I got 3–4 slaps from the owner of the Rajasthan Royals: Ross Taylor describes an IPL event from 2011

Ross Taylor Reveals 2011 Incident
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Ross Taylor, a former New Zealand player, said in his most recent book, “Ross Taylor: Black & White,” that he received a smack to the face from a Rajasthan Royals owner after being dismissed for a duck in an IPL game in Mohali against the Kings XI Punjab (KXIP).
“Rajasthan played Kings XI Punjab in Mohali. The chase was 195, I was lbw for a duck and we didn’t get close. Afterward, the team, support staff, and management were in the bar on the top floor of the hotel. Liz Hurley was there with Warnie. One of the Royals owners said to me, “Ross, we didn’t pay you a million dollars to get a duck” and slapped me across the face three or four times. He was laughing and they weren’t hard slaps but I’m not sure that it was entirely play-acting,” Taylor mentioned this in the book.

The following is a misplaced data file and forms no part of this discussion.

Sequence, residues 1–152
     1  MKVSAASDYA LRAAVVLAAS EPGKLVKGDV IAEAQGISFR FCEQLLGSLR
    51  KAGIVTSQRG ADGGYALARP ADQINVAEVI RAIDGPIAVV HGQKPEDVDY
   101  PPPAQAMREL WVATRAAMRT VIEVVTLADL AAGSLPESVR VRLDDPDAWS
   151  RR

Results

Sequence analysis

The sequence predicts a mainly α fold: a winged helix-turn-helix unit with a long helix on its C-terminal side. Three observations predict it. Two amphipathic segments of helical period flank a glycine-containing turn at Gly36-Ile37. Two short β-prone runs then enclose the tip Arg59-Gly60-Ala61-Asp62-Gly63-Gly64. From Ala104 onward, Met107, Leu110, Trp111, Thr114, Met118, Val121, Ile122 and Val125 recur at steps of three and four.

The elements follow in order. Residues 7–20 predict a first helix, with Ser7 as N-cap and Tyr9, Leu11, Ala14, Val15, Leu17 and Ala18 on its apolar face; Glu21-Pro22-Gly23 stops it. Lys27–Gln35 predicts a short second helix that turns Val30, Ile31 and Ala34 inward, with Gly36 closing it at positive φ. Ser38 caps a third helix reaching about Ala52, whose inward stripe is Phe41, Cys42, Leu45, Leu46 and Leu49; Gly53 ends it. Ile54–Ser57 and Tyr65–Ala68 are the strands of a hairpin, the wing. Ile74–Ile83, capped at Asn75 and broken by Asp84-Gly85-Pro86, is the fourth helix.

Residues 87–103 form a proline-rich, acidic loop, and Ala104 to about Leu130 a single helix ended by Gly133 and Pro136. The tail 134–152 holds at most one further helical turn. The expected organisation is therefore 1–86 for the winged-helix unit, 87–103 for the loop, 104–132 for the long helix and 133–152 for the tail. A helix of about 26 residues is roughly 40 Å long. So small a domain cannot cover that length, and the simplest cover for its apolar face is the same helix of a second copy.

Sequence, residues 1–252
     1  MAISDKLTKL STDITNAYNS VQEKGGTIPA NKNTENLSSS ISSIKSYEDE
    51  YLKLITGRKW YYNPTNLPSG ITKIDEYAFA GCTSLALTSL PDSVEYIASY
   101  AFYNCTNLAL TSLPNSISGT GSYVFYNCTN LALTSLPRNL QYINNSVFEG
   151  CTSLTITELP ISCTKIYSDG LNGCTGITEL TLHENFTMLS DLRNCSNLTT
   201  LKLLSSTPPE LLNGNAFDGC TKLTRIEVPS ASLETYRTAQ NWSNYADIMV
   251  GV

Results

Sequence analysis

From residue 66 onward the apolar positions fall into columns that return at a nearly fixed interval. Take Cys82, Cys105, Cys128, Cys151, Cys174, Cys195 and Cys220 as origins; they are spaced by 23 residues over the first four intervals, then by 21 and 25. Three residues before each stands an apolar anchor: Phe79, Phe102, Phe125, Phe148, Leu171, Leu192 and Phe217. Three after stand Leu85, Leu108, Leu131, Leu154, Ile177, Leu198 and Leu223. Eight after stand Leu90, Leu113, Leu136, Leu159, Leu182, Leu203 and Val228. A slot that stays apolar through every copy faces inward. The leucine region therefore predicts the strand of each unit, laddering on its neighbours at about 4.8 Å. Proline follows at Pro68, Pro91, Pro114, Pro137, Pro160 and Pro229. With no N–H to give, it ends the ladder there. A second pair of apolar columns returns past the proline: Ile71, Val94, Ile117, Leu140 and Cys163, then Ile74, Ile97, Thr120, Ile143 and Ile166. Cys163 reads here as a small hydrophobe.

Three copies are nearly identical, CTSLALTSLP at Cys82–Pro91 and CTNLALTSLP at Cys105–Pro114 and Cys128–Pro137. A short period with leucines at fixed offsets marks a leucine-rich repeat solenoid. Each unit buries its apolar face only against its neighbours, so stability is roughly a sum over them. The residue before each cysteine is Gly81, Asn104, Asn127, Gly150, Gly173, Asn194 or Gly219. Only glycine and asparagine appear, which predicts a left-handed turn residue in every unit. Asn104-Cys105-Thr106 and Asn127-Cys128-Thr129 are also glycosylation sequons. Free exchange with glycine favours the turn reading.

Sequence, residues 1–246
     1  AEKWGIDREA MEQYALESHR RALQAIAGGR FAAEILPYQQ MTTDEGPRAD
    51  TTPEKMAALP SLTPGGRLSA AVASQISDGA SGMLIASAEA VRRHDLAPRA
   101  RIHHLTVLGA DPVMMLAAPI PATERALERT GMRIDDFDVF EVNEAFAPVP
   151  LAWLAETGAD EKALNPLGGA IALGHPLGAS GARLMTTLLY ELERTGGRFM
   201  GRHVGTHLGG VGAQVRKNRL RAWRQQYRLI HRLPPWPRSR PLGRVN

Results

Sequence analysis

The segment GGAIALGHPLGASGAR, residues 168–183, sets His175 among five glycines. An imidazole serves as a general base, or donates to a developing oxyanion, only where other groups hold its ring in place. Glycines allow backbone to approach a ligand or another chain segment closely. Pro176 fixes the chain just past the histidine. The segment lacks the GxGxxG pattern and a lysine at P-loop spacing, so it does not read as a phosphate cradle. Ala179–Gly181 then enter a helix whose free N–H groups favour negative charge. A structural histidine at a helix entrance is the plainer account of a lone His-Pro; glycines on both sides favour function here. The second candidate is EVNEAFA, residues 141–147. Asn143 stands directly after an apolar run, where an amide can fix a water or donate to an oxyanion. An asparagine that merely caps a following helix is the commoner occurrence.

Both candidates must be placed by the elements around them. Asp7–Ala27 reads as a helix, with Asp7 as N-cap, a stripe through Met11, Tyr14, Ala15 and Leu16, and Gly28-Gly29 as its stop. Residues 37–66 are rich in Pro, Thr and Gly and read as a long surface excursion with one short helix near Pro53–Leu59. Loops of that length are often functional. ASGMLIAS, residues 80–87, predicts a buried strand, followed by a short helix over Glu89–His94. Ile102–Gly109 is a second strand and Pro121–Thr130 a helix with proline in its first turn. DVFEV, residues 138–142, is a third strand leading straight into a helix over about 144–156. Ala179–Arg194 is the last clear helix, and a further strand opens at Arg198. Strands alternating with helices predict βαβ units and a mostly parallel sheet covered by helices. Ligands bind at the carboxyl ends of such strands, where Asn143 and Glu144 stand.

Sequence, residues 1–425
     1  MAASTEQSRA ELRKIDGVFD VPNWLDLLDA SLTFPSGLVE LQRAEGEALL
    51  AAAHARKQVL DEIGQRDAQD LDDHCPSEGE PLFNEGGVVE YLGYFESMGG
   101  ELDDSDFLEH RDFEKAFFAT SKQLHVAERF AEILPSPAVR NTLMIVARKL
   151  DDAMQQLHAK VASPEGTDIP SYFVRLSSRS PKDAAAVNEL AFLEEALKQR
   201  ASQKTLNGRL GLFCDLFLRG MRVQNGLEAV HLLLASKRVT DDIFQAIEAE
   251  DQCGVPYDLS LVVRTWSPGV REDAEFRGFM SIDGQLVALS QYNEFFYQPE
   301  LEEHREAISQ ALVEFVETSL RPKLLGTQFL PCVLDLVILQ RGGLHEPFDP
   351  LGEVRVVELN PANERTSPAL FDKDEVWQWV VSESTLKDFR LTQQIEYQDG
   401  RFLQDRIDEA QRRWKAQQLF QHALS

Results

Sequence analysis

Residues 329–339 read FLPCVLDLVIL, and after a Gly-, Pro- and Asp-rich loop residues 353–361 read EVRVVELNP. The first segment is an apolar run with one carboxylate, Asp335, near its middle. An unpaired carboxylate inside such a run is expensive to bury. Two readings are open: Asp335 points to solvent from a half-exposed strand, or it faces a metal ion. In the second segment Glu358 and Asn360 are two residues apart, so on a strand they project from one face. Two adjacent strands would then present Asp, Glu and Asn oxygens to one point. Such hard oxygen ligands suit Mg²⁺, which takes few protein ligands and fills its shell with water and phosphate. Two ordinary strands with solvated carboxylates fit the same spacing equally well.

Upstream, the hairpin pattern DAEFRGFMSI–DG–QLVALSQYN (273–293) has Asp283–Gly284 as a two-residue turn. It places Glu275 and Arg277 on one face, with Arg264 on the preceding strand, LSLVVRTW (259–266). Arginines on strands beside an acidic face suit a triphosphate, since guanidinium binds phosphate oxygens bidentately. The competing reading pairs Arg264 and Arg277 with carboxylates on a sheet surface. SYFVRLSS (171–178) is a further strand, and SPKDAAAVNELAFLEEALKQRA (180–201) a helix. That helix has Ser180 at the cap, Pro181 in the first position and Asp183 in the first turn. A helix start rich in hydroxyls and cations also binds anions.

He said, “Under the circumstances, I wasn’t going to raise a stink about it, but I couldn’t imagine that occurring in many professional athletic settings.”
Taylor had been a member of the Royal Challengers Bangalore team throughout the IPL’s early years, but in 2011, the Rajasthan team purchased him for $1 million. The athlete, though, said that he would have chosen to remain with the Bangalore team over Rajasthan.
“When you fetch that sort of money, you’re desperately keen to prove that you’re worth it. And those who are paying you that sort of money have high expectations – that’s a professional sport and human nature. I’d paid my dues at RCB: if I’d had a lean trot, the management would have had faith in me because of what I’d done in the past. When you go to a new team, you don’t get that backing. You never feel comfortable because you know that if you go two or three games without a score, you come under cold-eyed scrutiny,” he said.
Taylor, who is of Samoan descent, reportedly stated that he encountered racism during his 16-year career playing cricket in New Zealand. He remembers racial “banter” in the locker rooms and casually discriminatory remarks from some club officials.

In his book, “Black & White,” Taylor states that “cricket in New Zealand is a relatively white sport.” “For a good portion of my career, I’ve stood out as a dark face among a sea of white players. That has its difficulties, many of which your teammates or the general cricketing audience aren’t immediately aware of.

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